Assertiveness

Have you ever thought of yourself as one of the meek who will inherit the earth? Or maybe you're the type of person who notices that people cower when you come near. Well, imagine a mad scientist combining these two individuals together to create a happy medium. This happy medium can be thought of as assertiveness.

Assertiveness is a manner of behaving that communicates respect for others as well as commands respect for yourself.

When you are assertive, you are able to:

  • Express and communicate your feelings accurately.
  • Ask for things you want.
  • Say no to things you do not want.
  • Have the opportunity to have your needs and wants met.
  • Attain the respect of others.

People often fall into one of three primary modes of behavior: Passive, Assertive, and Aggressive.

Passive people:

  • Tend to give in to other people's wishes while forgetting their own needs and wants.
  • Have a difficult time saying no to people.
  • Often have a hard time making decisions.
  • Have a hard time maintaining eye contact.
  • Avoid confrontation at all costs (e.g. not speaking up when the waiter brings you fish instead of chicken).

Aggressive people:

  • Tend to be concerned only for their needs at the expense of others' needs.
  • Have a tendency to lose their temper.
  • May make decisions for other people.
  • May shout or use bully techniques to get their way.
  • May continue to argue long after someone has had enough.
  • May call others names or even use obscenities when angry.
  • May openly criticize or find fault with others ideas, opinions, or behaviors.
  • Often use confrontation to get what they want.

Assertive people:

  • Are concerned with both their needs as well as other people's needs.
  • Are openly able to express themselves with other people.
  • Are able to respond in a respectful manner when there is a disagreement.
  • Are able to ask for help.
  • Are confident and able to make decisions.
  • Are able to say no to people/places/things they do not want.
  • Are responsible for their own feelings/behaviors/thoughts.

Not everyone is assertive in all situations.

Try to identify the situations in which you behave in a non-assertive manner.

  • When are you non-assertive? (not asking for help, not stating an opposing opinion, not expressing a negative feeling).
  • Who are you non-assertive with? (boss, salespeople, girlfriend/boyfriend, etc)
  • What have you been unable to achieve as a result of your non-assertiveness? (missed out on meeting new relationships, lost job opportunities. etc.)

How can I develop more assertiveness?

In order to respond assertively try phrasing your request using what is called a DESC script. The DESC script was developed by Sharon and Gordon Bower and is discussed more fully in their book, Asserting Yourself. DESC stands for Describe, Express, Specify, and Consequences.

Try practicing the script for several situations that you just identified. You should try writing the script out and practicing it before you talk to the person.

  • Describe. Describe the behavior/situation as completely and objectively as possible. Just the facts! "The last time, my brother George came to visit, I cleaned the entire house all by myself."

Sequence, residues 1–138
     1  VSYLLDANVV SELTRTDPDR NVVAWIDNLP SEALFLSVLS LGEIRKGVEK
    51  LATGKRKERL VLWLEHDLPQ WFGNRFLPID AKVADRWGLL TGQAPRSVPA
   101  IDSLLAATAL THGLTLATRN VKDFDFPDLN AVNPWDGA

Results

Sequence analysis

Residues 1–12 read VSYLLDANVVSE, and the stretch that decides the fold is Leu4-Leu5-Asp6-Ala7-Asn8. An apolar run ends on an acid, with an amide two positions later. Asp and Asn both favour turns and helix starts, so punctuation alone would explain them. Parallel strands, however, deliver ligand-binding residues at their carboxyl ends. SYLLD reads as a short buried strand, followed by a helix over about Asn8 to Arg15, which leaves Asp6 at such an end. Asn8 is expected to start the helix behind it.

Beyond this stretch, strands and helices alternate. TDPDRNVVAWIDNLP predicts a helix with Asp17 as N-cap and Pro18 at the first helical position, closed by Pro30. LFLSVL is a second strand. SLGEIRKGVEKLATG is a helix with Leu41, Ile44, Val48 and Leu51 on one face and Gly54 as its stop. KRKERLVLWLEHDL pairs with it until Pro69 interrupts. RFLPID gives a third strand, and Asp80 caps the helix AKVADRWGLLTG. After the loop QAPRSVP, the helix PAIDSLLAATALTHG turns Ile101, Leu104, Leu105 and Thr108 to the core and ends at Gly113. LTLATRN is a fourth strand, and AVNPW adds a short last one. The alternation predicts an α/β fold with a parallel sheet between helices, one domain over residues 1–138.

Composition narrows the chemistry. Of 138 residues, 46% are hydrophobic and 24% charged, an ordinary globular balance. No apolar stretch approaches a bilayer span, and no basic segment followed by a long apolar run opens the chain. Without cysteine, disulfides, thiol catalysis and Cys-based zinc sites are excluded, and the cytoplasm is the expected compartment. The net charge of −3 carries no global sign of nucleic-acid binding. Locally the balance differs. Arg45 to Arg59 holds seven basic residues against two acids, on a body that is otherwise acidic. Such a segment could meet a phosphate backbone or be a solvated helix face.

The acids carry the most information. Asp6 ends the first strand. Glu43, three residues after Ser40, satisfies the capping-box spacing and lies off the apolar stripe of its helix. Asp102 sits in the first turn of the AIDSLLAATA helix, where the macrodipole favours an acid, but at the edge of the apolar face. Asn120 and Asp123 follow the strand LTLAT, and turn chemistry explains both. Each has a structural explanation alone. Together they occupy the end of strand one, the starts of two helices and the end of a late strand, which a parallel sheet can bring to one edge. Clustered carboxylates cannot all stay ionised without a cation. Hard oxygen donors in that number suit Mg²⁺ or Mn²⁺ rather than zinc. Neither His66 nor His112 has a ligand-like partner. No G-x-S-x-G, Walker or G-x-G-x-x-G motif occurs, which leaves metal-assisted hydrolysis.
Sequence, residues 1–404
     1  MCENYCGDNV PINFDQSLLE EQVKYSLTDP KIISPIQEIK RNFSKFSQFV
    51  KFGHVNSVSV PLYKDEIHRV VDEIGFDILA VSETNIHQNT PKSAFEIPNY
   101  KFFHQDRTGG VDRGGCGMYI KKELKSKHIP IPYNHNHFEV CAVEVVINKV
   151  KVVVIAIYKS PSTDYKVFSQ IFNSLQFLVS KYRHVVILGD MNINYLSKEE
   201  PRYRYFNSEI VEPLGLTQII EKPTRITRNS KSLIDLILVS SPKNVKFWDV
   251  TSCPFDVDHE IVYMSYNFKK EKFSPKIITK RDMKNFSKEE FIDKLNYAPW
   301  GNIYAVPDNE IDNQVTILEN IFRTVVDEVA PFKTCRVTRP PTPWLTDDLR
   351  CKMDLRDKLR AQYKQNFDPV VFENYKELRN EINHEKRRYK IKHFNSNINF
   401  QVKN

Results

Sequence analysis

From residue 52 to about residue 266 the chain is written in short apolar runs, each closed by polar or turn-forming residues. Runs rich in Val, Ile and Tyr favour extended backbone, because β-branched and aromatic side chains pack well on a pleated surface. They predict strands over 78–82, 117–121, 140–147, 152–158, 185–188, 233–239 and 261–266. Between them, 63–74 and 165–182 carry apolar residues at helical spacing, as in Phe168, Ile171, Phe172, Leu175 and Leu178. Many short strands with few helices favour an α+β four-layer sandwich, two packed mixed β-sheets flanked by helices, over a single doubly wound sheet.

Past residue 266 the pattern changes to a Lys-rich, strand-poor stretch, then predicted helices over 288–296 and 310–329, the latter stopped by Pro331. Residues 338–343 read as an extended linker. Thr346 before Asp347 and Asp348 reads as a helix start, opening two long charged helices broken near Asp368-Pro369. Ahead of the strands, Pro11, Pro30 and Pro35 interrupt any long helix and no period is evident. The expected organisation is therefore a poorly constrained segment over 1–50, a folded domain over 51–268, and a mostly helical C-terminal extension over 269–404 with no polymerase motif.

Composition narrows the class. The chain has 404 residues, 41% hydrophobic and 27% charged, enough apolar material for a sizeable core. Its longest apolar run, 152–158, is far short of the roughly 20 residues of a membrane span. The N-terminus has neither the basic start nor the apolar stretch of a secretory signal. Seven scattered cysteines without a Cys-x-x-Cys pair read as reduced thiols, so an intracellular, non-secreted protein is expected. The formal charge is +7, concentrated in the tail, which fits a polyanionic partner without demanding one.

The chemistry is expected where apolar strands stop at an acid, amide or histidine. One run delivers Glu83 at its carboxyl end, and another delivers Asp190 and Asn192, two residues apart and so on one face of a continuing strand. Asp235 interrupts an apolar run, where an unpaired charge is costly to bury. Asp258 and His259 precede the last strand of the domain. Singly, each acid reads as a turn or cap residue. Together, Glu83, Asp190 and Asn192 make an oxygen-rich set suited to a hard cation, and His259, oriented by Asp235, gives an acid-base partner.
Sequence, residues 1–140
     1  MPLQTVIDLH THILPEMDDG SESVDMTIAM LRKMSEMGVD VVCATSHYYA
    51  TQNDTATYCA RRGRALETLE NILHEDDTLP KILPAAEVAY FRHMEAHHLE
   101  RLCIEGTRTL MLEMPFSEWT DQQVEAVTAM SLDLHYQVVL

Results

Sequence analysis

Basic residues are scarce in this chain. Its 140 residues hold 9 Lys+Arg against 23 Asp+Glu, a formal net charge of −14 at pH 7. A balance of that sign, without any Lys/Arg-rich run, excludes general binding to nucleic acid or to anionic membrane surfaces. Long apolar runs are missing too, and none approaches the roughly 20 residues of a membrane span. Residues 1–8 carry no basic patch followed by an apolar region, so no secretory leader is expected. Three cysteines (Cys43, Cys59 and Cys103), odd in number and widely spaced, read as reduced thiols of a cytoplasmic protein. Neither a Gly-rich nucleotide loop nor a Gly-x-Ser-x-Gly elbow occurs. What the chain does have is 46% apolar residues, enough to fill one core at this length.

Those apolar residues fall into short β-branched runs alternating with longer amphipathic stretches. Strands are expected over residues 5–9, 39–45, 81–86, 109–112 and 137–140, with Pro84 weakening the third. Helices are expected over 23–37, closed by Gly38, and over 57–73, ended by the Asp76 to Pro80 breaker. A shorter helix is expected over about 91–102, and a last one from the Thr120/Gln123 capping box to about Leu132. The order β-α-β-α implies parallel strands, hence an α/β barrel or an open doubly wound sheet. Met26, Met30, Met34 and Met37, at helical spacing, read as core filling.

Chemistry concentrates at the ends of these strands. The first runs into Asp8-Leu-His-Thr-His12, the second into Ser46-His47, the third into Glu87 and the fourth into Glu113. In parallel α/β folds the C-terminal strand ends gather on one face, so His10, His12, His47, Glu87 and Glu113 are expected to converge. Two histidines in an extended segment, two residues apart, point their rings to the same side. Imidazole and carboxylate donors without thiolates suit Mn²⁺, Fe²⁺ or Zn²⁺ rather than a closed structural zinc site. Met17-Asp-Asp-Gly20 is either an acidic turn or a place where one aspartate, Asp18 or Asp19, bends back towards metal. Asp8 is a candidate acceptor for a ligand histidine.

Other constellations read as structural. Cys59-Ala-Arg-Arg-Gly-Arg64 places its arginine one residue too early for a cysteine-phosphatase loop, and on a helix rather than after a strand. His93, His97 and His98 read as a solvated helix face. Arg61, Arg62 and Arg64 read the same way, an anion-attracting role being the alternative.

• Express. Express your feelings and thoughts about the situation/behavior. Try to phrase your statements using "I", and not "You". Beginning sentences with "You" often puts people on the defensive, which means they won't listen to you. "As a result, I felt exhausted and angry."
  • Specify. Specify what behavior/outcome you would prefer to happen. "I would like the two of us to work on cleaning the house."
  • Consequences. Specify the consequences (both positive and negative). "If we both work together, the house will be cleaned up faster and we can all enjoy his visit together." Or "If we work together, I will be less tired and irritable."

How to Say NO and mean it.

Saying no is an important component of learning to be assertive. It helps to develop boundaries, which can safeguard your time and energy. In some cases, saying no effectively may even help keep you safe from harm.

Edmund Bourne, PhD, in his book, The Anxiety and Phobia Workbook, has developed a way to effectively say no to both people who are close to you, and to those with whom you do not wish to have further contact.

Saying no to family/friend

  • Repeat their request. "I would love to go to the game with you."
  • Explain your reason for stating no. "I have a deadline on Monday, so I have lots of work to do."
  • Say no. "So I'll have to say no."
  • If necessary, suggest an alternative that is acceptable to the two of you. "I would love to go another time, how about next Friday."

Saying no, to a person that you do not want to be friends with, or who seems "unsafe"

  • Simply saying "No" or "No thank you" is all that is needed. You may need to repeat "No" again. With these individuals you may not want to engage in any further conversation where you feel pressured to concede to their wishes.
  • Pay attention to your nonverbal behavior. Use good eye contact, stand tall, shoulders back, etc. If you're slumped over you can't adequately assess the situation.

Remember: If you have been behaving passively for a long time, you might be tempted to move over into the aggressive mode of operating. This often happens after you've buried situations for so long that you turn into a powder keg. Just realize that learning to be assertive takes practice, and it's O.K. to make a few mistakes along the way. Despite what people tell you, you are human, so keep on trying these new skills.

Source: Adapted from Positive Coping Skills Toolbox
VA Mental Illness Research, Education, and Clinical Centers (MIRECC)

Page last modified/reviewed by athealth on January 29, 2014